Monday, September 22, 2014

Backpacking Gear List (Summer 2014)

Well, I think we've finally done it. After countless hours of research, budgeting almost four months' worth of paychecks (and a few mistakes), we finally have everything we need to go backpacking.

Leave it to us to pick a hobby that requires enough gear to outfit an army. And you can't accumulate gear as you go, buying a little bit here and there. With backpacking, you need everything from the start. Sure, you can make sacrifices, but is it worth it? A pile of blankets will never be as warm as a proper sleeping bag and sleeping pad. Trust me, we've tried.

We are not beginning hikers, but we are beginning backpackers. There is an art to getting everything you need while keeping it light, and more importantly, affordable. We didn't want to go the ultra-cheap route because we wanted our gear to last and we wanted stuff we were excited to use. We also didn't want to go the ultra-expensive route because we are not bazillionaires and hiking is not our only hobby. But using gear lists really helped show the premium lightweight gear versus the great deals that are out there, and we were able to find something in the middle that worked for us.

I'm sure this list will change in the future, once we have been able to trail-test everything several times to see what worked and what didn't. But hopefully someone else will find this useful, just as I found other gear lists useful.

Any additional thoughts about the items follow after the lists. Prices reflect what we actually paid, not the full price. There are a few instances where Phil and I preferred different items, and I included that. Unless noted, assume we both have the same gear. A tip for buying discounted gear at Dick's, REI, or EMS: wait for sales around national holidays. We bought our packs during the REI Labor Day sale and saved $150. I did not include stuff sacks in these lists because I am not a gram weenie.


Pack, Shelter, and Sleep System (The Big 3)

Eureka tent components, sleeping bag and pad, and both packs shown.


Tent: Eureka Sunriver 2P $120 (5 lbs 3 oz total)
Lantern: Stowaway Collapsible Lantern $20 (8 oz)
Groundcloth: Ultrasac 55 gal. Trash Bag $20/box (2 oz)
    Phil's Portion - Main Vestibule and Poles
    My Portion - Stakes, Rainfly, Lantern, and Groundcloth

Sleeping Bag: Teton Trailhead 20 $50 (2.9 lbs)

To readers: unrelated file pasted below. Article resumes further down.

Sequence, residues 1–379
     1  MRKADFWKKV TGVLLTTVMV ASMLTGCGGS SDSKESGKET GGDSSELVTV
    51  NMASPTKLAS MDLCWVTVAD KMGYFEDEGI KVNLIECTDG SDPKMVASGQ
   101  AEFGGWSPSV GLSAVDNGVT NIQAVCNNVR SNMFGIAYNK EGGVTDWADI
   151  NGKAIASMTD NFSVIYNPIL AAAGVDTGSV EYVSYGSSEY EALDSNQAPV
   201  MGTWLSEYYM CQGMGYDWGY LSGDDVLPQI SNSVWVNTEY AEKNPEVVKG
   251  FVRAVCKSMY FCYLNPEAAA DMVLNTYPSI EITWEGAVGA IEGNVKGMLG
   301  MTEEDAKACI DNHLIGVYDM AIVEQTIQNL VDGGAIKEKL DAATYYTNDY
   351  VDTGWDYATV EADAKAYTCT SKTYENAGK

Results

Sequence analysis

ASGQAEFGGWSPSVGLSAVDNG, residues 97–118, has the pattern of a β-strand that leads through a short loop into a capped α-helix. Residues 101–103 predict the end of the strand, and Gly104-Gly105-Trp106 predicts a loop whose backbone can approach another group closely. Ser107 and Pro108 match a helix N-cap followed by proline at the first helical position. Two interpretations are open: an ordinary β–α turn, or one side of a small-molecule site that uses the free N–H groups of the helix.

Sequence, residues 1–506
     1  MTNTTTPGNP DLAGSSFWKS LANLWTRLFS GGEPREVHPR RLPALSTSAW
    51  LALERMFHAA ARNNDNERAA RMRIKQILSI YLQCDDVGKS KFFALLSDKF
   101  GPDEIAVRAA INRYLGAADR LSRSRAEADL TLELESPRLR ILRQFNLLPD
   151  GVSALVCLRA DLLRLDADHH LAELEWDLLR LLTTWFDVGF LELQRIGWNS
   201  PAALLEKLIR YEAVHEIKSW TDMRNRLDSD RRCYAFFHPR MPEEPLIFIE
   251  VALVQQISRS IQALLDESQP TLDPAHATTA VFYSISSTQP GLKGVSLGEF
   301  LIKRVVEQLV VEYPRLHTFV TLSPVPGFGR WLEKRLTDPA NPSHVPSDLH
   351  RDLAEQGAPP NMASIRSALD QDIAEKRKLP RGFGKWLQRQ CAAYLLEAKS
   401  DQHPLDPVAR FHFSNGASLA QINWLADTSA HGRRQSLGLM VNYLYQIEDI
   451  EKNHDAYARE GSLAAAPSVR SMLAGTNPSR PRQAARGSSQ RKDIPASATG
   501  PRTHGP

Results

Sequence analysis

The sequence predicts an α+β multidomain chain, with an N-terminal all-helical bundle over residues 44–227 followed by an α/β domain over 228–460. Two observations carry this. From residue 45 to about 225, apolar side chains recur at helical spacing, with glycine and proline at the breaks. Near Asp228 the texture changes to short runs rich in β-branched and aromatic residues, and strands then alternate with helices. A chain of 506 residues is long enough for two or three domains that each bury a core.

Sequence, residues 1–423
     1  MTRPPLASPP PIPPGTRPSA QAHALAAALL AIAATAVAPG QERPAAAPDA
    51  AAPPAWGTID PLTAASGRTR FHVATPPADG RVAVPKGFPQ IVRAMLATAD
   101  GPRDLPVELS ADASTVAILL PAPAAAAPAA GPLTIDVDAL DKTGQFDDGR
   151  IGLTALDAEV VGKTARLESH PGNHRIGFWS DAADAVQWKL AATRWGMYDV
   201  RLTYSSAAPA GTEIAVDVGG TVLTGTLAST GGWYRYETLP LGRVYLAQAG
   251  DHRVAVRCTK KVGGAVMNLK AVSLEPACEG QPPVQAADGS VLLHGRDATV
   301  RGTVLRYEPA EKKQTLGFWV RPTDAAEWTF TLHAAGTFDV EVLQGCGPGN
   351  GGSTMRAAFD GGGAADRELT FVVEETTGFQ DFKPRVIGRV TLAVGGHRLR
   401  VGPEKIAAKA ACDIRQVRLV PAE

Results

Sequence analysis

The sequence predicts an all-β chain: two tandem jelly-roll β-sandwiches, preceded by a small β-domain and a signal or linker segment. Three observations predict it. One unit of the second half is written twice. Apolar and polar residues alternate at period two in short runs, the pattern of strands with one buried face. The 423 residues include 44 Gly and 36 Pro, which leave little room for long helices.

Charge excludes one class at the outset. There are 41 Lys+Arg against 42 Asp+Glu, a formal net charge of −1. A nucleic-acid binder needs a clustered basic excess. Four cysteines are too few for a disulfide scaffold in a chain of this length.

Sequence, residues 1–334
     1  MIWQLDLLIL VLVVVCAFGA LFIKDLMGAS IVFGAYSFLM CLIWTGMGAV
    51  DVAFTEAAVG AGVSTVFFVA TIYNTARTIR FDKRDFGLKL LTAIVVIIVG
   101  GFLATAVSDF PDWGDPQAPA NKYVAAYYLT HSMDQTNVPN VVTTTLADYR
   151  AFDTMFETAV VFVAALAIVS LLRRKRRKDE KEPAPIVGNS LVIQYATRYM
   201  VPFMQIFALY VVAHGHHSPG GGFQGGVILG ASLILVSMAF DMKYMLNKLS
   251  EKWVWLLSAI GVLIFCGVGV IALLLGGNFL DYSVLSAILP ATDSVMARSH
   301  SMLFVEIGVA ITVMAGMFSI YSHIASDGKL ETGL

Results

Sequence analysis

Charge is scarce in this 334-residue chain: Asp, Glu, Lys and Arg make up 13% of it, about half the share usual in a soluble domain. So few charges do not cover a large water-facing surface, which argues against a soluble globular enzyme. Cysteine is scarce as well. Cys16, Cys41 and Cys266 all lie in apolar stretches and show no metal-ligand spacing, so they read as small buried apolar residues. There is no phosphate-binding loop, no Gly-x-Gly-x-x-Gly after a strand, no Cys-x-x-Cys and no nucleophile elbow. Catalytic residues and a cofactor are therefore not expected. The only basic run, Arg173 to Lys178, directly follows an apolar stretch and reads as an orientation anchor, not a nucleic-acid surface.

Sleeping Pad: Therm-a-Rest Z-Lite $40 (14 oz)
Compression Sack for Bag: Sea to Summit Ultra-Sil 15L $33 (3 oz)

My Pack: REI Flash 45 $90 (2 lbs 3 oz)
Phil's Pack: Deuter Aircontact 65+10 $130 (6 lbs)
Pack Liner: trash bag from home $0 (0.5 oz)

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PACKS. I felt very strongly about having a lightweight pack, and I didn't want a sleeping bag compartment. Phil didn't want to spend a lot of money and he didn't want something brightly colored. We were lucky to find that Deuter bag at such a good discount.

The guy at REI was shocked that I wanted a 50L pack for overnight camping. He kept insisting that the Flash was a day pack. How much stuff do you need for day hiking?? Maybe for climbing gear, but not for hiking. Everything (excluding the sleeping pad, but that's normal) fits inside my pack without a problem. I'm not quite sure how I'm going to strap the sleeping pad to the outside of my pack yet (the square shape is more than a bit annoying) but I'm sure I can work something out.

Future gear wishlist includes an airmat and a specialist tent. Maybe a camp pillow. And a badass sleeping bag that compresses to the size of a cantaloupe.

A pretty awesome update: While getting this post together, I won an ultralight tent from SectionHiker.com! I'm super excited to try it out. Not only will we have a much lighter tent to carry, but we'll have a spare tent in case we want to go backpacking with friends. The only downside (and it's not really a downside, the tent was free!) is that we'll have to purchase the accessory tent poles because neither of us carry trekking poles. We can pitch it between two trees without poles, but how often can you find the two perfect trees? You can read SectionHiker's review of the Big Agnes Scout 2P tent here, and see the specs and purchase the tent here.


Stoves

My setup.

My Setup
Packed away.
    Pot (with two cups): Stanley Adventure Cook Set $25 ( oz)
    Stove: Esbit Titanium Folding Stove $15 (0.4 oz)
    Silicon Handle: Lodge Silicone Hot Handle Holder $5 (3 oz)
    Windscreen: super fancy tin foil and paperclip $0 (0.5 oz)

Phil's Setup
    Pot, Stove, Windscreen: Esbit Solid Fuel Stove and Cookset $30 (7 oz)

Each setup also contains:
    Coozie: homemade $8 for sun shade, enough to make many (1 oz)
    Firestarter: Mini BIC Lighter
    Dishsoap: Hotel bottle with natural dish soap
    Sponge: 1/2 scrubby sponge with sponge part sliced to 1/2 thickness